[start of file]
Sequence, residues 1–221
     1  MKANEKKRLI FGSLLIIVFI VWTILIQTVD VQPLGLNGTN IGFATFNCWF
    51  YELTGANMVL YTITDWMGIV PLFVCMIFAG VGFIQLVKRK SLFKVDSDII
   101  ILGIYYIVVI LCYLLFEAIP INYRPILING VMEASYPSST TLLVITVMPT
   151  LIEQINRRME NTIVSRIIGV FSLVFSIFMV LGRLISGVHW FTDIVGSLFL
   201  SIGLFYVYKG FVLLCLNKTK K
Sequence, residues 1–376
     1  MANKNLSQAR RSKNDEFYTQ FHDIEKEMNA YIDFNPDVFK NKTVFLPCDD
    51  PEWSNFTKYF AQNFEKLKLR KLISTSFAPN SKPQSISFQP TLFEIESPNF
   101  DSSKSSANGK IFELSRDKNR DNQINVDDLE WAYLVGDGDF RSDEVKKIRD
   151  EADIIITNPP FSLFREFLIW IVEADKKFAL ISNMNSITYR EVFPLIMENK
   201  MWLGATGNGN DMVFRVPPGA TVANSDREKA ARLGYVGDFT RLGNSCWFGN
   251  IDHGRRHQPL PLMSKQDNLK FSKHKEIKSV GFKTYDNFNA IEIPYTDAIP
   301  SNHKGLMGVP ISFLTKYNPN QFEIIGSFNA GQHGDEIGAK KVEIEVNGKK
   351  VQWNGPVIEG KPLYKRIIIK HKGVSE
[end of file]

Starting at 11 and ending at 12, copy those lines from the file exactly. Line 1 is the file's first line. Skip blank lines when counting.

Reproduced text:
   151  EADIIITNPP FSLFREFLIW IVEADKKFAL ISNMNSITYR EVFPLIMENK
   201  MWLGATGNGN DMVFRVPPGA TVANSDREKA ARLGYVGDFT RLGNSCWFGN